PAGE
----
Normally the cheap coilovers can ruin it but if you do it properly (or buy the expensive ones) you are good. My disabled mother says my car is more comfortable than her big 4 by 4! So I guess that says something tongue.gif


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motormad
post Nov 2 2012, 11:07 PM
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Oops double post :S


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Andy Capp
post Nov 2 2012, 11:10 PM
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For £50k, I'd expect it to look good out of the box too! tongue.gif

I think lowering is OK, but you need to mod the wheel arches, otherwise it looks like the suspension has collapsed. Well that's what I tell my little'un anyway! tongue.gif
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blackdog
post Nov 3 2012, 06:07 AM
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QUOTE (motormad @ Nov 2 2012, 09:02 PM) *
Nor does he live "local" so I'm not about to drive 280 miles to his house and ask him -


Ever thought of getting a phone?
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dannyboy
post Nov 3 2012, 12:58 PM
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QUOTE (motormad @ Nov 2 2012, 11:04 PM) *
My disabled mother says my car is more comfortable than her big 4 by 4! So I guess that says something tongue.gif

Mums always know when to say the right thing to their boys.
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On the edge
post Nov 3 2012, 02:28 PM
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QUOTE (dannyboy @ Nov 3 2012, 12:58 PM) *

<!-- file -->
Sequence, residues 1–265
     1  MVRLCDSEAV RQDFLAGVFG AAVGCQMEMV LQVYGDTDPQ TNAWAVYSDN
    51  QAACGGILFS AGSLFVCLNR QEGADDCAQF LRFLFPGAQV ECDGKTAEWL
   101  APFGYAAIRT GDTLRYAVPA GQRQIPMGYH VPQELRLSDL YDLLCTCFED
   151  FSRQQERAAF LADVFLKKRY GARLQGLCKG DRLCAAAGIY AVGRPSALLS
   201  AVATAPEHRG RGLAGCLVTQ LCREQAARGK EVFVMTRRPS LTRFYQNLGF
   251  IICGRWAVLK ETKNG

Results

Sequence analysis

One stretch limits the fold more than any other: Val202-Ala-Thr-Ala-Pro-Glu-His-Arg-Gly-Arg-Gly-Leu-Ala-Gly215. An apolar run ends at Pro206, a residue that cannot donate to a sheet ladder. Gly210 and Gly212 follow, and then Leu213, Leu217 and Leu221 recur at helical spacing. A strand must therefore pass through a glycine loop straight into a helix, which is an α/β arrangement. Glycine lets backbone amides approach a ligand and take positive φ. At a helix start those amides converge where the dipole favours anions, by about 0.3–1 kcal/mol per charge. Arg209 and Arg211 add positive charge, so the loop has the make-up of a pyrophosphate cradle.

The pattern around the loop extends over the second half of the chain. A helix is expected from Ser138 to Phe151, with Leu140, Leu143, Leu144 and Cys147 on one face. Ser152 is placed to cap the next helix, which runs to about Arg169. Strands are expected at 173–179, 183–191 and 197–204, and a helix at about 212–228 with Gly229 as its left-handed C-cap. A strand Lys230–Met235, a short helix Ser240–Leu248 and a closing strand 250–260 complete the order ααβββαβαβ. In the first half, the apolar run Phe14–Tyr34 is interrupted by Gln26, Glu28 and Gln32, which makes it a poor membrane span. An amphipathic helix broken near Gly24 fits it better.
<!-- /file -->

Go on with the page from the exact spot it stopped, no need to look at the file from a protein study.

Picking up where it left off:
Mums always know when to say the right thing to their boys.


You haven't met mine. laugh.gif


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Exhausted
post Nov 3 2012, 03:49 PM
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QUOTE (motormad @ Nov 2 2012, 11:04 PM) *
I think it's just for the looks and customisation factor that he's done what he has done.


That's all it can be, for looks, as that type of suspension must make a very expensive car drive like a wheelbarrow.

MOT testers can no longer write up their own failure items on the certificate. They are all selected from the computer driven 'reasons for rejection' and there is no failure item for a seized shock absorber according to my 'buddy'. He's a Vosa tester so no urban myth there.
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Biker1
post Nov 3 2012, 04:21 PM
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Something that I find strange is that apparently you don't have to have a working speedometer to pass the MOT!
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Exhausted
post Nov 3 2012, 09:38 PM
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QUOTE (Biker1 @ Nov 3 2012, 04:21 PM) *
Something that I find strange is that apparently you don't have to have a working speedometer to pass the MOT!


Neither do you need any tread on your spare wheel.
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On the edge
post Nov 3 2012, 09:49 PM
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QUOTE (Biker1 @ Nov 3 2012, 04:21 PM) *
Something that I find strange is that apparently you don't have to have a working speedometer to pass the MOT!


Its down to the origins of the MOT; which was simply to make sure the vehicle was mechanically sound. The speedo plays no part in that of course. Similarly, the tread on a 'spare' - which is simply not part of the operational mechanics unless it is actually fitted.

If the speedo did become part of the test, then it could be seen as a measuring instrument. The present levels of accuracy would need to be substantially increased and consequently the cost.

Perhaps in these safety conscious days the test could be reshaped to include such obvious things. Particularly with modern electronics, speedo accuracy need not be dependent on mechanics and so not as expensive?